Since the doctrine of res ipsa loquitur or exclusive control does not apply, Doerr v. Rand's, supra, the plaintiff attempted to establish by the expert testimony of Michael A. Gimbel, a safety engineer, that the negligence of the defendants was the cause of the accident. It is defendants' contention, first, that the court erred in accepting Mr. Gimbel as an expert witness and permitting him to testify, and, secondly, that his opinion as to the cause of the window's collapse was not based on sufficient facts. We have no doubt as to Mr. Gimbel's qualifications. It was said in Reardon v. Meehan, 424 Pa. 460, 227 A.2d 667 (1967), that "'A qualified expert may be permitted to assert a relevant fact not generally known but known to him because of his special training and experience. But this special training and experience must be confined to technical knowledge which is beyond that of the average man and to that which would be of assistance in determining the ultimate issues in the case': Steele v. Shepperd, 411 Pa. 481, 484, 192 A.2d 397 (1963). If all the primary facts can be accurately described to a jury and if the jury is as capable of comprehending and understanding such facts and drawing correct conclusions from them as are witnesses possessed of special training, experience or observation, then there is no need for the testimony of an expert. See: Salem v. U. S. Lines Co., 370 U.S. 31, 82 S. Ct. 1119 (1962), rehearing denied 370 U.S. 965, 82 S. Ct. 1578; Graham v. Penna. Co., 139 Pa. 149, 159, 21 A. 151 (1891). The employment of testimony of an expert rises from necessity, a necessity born of the fact that the subject matter of the inquiry is one involving special skills and training beyond the ken of the ordinary layman: Weisman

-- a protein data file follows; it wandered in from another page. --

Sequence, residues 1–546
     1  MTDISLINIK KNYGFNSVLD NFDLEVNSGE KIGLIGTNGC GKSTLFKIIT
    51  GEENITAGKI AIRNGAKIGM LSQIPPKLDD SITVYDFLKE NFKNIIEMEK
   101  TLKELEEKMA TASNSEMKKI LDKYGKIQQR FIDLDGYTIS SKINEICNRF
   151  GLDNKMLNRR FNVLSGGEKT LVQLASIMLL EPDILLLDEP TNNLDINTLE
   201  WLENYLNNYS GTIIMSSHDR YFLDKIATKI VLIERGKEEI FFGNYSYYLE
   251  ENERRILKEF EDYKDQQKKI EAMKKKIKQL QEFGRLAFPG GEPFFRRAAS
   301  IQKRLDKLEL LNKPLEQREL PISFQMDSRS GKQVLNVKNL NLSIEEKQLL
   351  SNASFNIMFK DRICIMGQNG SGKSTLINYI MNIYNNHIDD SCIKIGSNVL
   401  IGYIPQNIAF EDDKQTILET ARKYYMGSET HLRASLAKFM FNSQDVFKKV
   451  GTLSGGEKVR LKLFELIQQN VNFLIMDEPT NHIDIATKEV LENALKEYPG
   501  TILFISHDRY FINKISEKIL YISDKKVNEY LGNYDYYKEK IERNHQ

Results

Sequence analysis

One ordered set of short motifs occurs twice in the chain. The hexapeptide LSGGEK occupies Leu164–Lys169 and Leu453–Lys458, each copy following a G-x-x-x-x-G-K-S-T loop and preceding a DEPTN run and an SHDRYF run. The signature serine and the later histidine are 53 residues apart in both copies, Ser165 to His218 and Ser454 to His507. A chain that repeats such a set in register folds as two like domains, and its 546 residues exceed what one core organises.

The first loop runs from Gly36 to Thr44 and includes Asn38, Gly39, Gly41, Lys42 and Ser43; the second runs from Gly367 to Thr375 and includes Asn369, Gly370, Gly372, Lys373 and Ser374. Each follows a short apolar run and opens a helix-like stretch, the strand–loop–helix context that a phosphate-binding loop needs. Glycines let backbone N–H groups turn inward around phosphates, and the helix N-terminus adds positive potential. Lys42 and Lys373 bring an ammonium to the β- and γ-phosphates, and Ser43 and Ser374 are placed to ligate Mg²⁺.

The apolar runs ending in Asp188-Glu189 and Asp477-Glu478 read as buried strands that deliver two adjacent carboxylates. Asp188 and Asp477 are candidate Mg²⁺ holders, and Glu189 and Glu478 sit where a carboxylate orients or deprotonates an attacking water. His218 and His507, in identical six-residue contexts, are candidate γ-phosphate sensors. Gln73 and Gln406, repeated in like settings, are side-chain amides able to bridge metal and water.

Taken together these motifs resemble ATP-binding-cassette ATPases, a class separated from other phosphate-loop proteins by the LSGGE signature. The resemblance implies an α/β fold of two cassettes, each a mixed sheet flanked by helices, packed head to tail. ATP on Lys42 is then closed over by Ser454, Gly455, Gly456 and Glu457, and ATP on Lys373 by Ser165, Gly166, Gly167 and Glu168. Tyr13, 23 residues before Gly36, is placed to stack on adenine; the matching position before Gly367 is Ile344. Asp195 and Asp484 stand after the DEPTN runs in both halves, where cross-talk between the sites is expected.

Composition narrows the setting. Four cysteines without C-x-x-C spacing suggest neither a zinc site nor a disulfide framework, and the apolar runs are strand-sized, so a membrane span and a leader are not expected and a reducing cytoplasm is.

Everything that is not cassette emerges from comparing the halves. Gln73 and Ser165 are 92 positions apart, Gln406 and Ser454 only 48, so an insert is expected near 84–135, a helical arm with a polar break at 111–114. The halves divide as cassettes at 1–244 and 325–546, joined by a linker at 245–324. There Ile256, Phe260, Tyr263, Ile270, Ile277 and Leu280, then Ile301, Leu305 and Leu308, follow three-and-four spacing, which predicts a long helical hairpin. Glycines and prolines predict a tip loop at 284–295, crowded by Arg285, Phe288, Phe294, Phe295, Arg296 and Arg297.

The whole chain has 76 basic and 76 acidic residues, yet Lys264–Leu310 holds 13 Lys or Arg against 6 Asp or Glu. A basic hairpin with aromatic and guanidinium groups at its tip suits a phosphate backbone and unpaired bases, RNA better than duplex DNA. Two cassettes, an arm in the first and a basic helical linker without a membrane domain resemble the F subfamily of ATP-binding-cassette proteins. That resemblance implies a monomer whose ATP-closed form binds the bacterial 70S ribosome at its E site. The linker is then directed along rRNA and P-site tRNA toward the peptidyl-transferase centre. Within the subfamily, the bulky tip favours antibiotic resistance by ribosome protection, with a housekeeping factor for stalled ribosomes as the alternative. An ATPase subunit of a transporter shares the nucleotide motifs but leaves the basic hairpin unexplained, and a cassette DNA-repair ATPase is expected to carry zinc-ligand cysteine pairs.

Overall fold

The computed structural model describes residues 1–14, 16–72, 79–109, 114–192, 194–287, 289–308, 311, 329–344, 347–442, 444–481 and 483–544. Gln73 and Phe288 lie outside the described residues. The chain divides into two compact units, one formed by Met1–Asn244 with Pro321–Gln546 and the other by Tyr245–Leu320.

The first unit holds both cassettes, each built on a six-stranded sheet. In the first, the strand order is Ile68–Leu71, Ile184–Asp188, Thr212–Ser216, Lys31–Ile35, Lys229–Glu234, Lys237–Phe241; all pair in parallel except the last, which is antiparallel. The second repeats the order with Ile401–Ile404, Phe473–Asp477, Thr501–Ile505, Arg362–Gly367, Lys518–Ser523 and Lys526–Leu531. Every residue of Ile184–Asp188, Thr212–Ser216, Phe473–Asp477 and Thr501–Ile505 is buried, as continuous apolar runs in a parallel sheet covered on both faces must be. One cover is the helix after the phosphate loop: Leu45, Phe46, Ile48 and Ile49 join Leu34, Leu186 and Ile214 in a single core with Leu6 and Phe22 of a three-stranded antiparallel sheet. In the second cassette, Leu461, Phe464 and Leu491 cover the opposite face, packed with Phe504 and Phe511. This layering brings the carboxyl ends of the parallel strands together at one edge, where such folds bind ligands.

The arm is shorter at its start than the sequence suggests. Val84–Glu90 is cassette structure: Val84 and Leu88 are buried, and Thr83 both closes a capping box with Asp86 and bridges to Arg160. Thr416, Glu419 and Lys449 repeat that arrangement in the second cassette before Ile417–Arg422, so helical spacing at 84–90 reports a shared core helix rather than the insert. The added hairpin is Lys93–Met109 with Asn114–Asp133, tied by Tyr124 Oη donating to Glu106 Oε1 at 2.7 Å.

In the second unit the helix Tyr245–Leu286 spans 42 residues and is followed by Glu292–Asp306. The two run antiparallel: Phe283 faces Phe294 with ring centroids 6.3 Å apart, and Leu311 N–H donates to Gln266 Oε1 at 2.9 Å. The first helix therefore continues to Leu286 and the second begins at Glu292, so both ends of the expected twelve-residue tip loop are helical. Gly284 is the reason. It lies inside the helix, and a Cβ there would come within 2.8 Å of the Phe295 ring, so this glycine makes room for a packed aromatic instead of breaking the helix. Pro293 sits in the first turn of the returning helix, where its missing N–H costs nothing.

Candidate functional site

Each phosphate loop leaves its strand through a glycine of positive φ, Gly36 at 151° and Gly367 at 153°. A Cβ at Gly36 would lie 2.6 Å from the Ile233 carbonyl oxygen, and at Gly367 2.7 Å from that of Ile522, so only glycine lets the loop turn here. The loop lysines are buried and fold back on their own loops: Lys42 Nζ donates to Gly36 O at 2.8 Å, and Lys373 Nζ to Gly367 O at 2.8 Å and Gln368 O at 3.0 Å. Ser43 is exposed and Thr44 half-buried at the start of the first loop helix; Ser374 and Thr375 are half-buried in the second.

[ 212 Pa. Super. Page 490]

    v. Sauder Chevrolet Co., 402 Pa. 272, 167 A.2d 308 (1961); Jemison v. Pfeifer, 397 Pa. 81, 152 A.2d 697 (1959); Delair v. McAdoo, 324 Pa. 392, 188 A. 181 (1936). Meehans urge that the expert witness' testimony was inadmissible because the matter in issue was capable of evaluation by the jury without the assistance of one claiming special knowledge upon the subject. Collins v. Zediker, 421 Pa. 52, 218 A.2d 776 (1966), relied upon by Meehans, factually is entirely different from the case at bar. Our reading of this record indicates that the expert witness was well qualified to speak on the matters of which he was inquired and that the subject matter of his testimony, i.e., the constituents of fibre rugs, the reaction of such constituents to moisture, etc., was of such nature that the ordinary layman would not have the knowledge or training upon which to base a sound judgment. The testimony of the expert witness did not invade the province of the jury; on the contrary, it was of aid in a field where only special knowledge and training would enable a person to reach a sound conclusion. The expert's testimony revealed the tendency of this type of fibre rug to curl and that such curling, by reason of the materials in the rug, would have taken place at such a period of time prior to the happening of the accident that the Meehans, in the exercise of due care, should have known that the edges of the rug had curled. We find no merit in this contention of Meehans. The qualifications of this witness and the competency of his testimony, to a considerable extent, were matters within the discretion of the court below. See: Cooper v. Metropolitan Life Ins. Co., 323 Pa. 295, 301, 186 A. 125 (1936); Stevenson v. East Deer Township, 379 Pa. 103, 106, 108 A.2d 815 (1954). This record reveals no abuse of such discretion."